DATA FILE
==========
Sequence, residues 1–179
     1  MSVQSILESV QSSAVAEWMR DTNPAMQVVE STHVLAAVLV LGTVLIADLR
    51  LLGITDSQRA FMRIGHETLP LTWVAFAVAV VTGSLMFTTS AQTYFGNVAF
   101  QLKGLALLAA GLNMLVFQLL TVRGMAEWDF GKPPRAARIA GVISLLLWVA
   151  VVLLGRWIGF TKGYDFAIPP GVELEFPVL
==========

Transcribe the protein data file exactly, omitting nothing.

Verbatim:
Sequence, residues 1–179
     1  MSVQSILESV QSSAVAEWMR DTNPAMQVVE STHVLAAVLV LGTVLIADLR
    51  LLGITDSQRA FMRIGHETLP LTWVAFAVAV VTGSLMFTTS AQTYFGNVAF
   101  QLKGLALLAA GLNMLVFQLL TVRGMAEWDF GKPPRAARIA GVISLLLWVA
   151  VVLLGRWIGF TKGYDFAIPP GVELEFPVL